When the letter was written, Yegor got up and read it aloud from beginning to end. The old man understood not a word, but he nodded his head confidingly, and said:

"Very good. It runs smoothly. Thank you kindly, it is very good."

They laid three five-copeck pieces on the table and went out. The old man walked away staring straight ahead of him like a blind man, and a look of utmost confidence lay in his eyes, but Vasilissa, as she left the tavern, struck at a dog in her path and exclaimed angrily:

"Ugh--the plague!"

All that night the old woman lay awake full of restless thoughts, and at dawn she rose, said her prayers, and walked eleven miles to the station to post the letter.

II

Doctor Moselweiser's hydropathic establishment was open on New Year's Day as usual; the only difference was that Andrei Khrisaufitch, the doorkeeper, was wearing unusually shiny boots and a uniform trimmed with new gold braid, and that he wished every one who came in a happy New Year.

It was morning. Andrei was standing at the door reading a paper. At ten o'clock precisely an old general came in who was one of the regular visitors of the establishment. Behind him came the postman. Andrei took the general's cloak, and said:

"A happy New Year to your Excellency!"

"Thank you, friend, the same to you!"

And as he mounted the stairs the general nodded toward a closed door and asked, as he did every day, always forgetting the answer:

"And what is there in there?"

"A room for massage, your Excellency."

When the general's footsteps had died away, Andrei looked over the letters and found one addressed to him. He opened it, read a few lines, and then, still looking at his newspaper, sauntered toward the little room down-stairs at the end of a passage where he and his family lived. His wife Efimia was sitting on the bed feeding a baby, her oldest boy was standing at her knee with his curly head in her lap, and a third child was lying asleep on the bed.

Andrei entered their little room, and handed the letter to his wife, saying:

"This must be from the village."

Then he went out again, without raising his eyes from his newspaper, and stopped in the passage not far from the door. He heard Efimia read the first lines in a trembling voice. She could go no farther, but these were enough. Tears streamed from her eyes and she threw her arms round her eldest child and began talking to him and covering him with kisses. It was hard to tell whether she was laughing or crying.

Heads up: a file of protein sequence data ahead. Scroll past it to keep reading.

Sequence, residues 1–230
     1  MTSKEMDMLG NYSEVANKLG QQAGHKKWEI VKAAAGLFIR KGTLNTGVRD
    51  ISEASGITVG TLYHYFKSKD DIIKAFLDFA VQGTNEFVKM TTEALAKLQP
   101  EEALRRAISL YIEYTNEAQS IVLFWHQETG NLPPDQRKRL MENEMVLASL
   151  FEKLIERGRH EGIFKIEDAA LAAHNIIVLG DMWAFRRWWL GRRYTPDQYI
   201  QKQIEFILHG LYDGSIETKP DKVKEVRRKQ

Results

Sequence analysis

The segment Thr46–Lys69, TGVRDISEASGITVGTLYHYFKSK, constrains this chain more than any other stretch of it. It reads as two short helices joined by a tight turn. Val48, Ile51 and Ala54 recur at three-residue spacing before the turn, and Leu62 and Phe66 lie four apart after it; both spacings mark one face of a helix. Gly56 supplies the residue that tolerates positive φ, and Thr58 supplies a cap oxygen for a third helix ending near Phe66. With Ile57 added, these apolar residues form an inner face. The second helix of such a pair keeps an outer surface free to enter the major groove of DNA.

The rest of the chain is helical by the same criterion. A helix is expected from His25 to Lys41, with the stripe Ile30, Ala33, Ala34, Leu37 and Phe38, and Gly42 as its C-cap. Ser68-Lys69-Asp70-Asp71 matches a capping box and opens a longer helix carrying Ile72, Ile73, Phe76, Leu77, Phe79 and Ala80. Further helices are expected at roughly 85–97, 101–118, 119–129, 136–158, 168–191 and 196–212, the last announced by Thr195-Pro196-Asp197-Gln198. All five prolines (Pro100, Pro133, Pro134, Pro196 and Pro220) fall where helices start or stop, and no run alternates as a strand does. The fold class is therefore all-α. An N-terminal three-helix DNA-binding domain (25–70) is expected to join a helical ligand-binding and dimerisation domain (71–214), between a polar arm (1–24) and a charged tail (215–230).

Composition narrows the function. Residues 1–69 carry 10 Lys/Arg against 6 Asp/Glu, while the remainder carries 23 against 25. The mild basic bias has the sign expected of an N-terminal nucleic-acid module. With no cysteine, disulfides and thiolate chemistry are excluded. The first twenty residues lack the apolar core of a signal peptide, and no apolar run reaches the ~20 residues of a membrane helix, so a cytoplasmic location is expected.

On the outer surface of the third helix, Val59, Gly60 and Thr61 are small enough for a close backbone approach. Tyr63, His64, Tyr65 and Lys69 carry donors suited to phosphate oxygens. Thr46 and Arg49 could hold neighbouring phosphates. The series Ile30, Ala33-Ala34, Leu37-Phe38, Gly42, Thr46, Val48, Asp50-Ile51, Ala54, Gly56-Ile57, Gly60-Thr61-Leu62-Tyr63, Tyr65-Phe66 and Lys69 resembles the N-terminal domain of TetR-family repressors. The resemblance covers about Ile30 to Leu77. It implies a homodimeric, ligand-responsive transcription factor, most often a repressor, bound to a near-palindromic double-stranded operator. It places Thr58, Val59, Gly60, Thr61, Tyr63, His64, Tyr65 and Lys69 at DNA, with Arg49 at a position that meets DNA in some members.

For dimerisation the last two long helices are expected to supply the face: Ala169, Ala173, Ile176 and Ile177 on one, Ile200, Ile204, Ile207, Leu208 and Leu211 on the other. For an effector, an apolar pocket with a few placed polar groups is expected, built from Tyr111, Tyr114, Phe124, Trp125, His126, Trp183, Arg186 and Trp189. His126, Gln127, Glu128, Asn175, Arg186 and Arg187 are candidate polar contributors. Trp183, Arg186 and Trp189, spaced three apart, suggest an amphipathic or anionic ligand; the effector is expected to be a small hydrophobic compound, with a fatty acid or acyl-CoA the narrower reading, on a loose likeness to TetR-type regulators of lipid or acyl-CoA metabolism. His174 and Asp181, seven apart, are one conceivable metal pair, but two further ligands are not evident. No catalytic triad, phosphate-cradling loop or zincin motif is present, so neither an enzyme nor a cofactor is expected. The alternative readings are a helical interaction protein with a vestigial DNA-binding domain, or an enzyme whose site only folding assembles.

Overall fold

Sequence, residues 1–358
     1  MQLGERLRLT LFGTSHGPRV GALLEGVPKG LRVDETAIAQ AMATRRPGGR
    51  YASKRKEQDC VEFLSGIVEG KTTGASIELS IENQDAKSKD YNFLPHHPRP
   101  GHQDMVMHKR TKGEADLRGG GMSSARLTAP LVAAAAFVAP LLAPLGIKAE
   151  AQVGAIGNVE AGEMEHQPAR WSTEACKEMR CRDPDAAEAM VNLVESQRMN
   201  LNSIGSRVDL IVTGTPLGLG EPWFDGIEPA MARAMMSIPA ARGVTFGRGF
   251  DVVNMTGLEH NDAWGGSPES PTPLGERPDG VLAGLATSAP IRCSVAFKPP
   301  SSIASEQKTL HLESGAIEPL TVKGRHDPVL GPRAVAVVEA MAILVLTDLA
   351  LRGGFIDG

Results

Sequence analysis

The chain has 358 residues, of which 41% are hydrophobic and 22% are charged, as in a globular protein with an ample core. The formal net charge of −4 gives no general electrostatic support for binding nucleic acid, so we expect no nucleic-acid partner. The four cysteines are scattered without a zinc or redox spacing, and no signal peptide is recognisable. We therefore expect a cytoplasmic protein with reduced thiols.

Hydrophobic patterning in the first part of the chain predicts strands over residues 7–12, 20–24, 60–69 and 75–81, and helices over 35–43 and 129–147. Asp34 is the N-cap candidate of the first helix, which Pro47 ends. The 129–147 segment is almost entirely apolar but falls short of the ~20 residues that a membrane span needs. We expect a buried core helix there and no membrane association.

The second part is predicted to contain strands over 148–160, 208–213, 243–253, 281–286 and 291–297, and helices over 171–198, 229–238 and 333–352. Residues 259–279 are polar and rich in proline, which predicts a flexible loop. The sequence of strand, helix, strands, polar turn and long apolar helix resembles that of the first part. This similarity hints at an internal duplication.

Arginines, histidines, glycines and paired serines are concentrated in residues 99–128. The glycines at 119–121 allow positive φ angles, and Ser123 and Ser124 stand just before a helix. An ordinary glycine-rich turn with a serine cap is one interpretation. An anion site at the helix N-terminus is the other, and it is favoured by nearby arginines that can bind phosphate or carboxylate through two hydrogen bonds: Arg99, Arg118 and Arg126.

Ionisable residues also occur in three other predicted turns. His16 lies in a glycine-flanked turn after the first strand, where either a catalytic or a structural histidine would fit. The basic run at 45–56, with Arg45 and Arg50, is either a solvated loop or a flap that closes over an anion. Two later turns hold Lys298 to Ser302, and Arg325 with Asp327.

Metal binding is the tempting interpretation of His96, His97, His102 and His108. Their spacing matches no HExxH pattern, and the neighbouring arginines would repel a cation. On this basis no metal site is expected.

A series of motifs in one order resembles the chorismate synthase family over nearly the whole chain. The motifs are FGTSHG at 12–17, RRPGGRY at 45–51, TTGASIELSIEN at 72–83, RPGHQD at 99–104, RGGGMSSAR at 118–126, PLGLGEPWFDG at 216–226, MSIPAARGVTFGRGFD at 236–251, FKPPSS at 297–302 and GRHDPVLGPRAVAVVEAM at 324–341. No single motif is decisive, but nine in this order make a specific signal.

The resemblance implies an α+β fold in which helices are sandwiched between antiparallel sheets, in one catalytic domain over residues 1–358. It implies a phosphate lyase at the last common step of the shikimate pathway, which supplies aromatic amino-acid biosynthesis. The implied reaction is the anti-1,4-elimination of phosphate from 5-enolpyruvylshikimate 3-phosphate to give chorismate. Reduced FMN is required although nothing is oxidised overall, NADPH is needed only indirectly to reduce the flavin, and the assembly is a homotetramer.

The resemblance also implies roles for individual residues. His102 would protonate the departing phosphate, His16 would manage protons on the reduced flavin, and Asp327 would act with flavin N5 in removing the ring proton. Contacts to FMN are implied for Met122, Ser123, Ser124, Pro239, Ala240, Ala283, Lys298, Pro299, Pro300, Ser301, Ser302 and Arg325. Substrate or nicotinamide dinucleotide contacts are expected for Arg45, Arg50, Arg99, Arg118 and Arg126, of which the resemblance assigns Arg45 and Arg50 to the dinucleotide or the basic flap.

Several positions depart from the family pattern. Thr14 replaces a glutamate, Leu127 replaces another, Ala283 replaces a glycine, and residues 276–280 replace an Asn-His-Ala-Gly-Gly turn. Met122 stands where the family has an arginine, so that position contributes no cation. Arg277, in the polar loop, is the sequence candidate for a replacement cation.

"This is from granny and granddaddy," she cried-- "from the village--oh, Queen of Heaven!-- Oh! holy saints! The roofs are piled with snow there now--and the trees are white, oh, so white! The little children are out coasting on their dear little sleddies--and granddaddy darling, with his dear bald head is sitting by the big, old, warm stove, and the little brown doggie--oh, my precious chickabiddies--"

Andrei remembered as he listened to her that his wife had given him letters at three or four different times, and had asked him to send them to the village, but important business had always interfered, and the letters had remained lying about unposted.

"And the little white hares are skipping about in the fields now--" sobbed Efimia, embracing her boy with streaming eyes. "Granddaddy dear is so kind and good, and granny is so kind and so full of pity. People's hearts are soft and warm in the village-- There is a little church there, and the men sing in the choir. Oh, take us away from here, Queen of Heaven! Intercede for us, merciful mother!"

Andrei returned to his room to smoke until the next patient should come in, and Efimia suddenly grew still and wiped her eyes; only her lips quivered. She was afraid of him, oh, so afraid! She quaked and shuddered at every look and every footstep of his, and never dared to open her mouth in his presence.

Andrei lit a cigarette, but at that moment a bell rang up-stairs. He put out his cigarette, and assuming a very solemn expression, hurried to the front door.

The old general, rosy and fresh from his bath, was descending the stairs.